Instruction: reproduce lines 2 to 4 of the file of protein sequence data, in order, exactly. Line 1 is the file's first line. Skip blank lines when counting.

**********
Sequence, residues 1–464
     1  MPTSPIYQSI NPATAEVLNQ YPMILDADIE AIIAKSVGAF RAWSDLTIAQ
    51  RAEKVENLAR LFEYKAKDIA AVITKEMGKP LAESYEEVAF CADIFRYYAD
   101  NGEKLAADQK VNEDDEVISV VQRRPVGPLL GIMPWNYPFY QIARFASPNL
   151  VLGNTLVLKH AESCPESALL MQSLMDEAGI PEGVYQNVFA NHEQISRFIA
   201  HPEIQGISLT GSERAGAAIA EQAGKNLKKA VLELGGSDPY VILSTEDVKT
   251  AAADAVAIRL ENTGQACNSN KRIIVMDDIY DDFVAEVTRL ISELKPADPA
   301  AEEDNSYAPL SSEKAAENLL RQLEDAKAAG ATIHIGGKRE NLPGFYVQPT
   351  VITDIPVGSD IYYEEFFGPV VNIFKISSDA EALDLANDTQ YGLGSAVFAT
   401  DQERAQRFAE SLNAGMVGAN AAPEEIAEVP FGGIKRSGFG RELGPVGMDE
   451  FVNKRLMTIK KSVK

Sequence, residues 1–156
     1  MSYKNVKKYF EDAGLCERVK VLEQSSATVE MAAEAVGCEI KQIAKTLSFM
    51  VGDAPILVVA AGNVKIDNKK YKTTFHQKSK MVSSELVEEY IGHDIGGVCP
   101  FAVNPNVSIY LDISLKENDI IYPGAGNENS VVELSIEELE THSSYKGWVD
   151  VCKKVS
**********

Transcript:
     1  MPTSPIYQSI NPATAEVLNQ YPMILDADIE AIIAKSVGAF RAWSDLTIAQ
    51  RAEKVENLAR LFEYKAKDIA AVITKEMGKP LAESYEEVAF CADIFRYYAD
   101  NGEKLAADQK VNEDDEVISV VQRRPVGPLL GIMPWNYPFY QIARFASPNL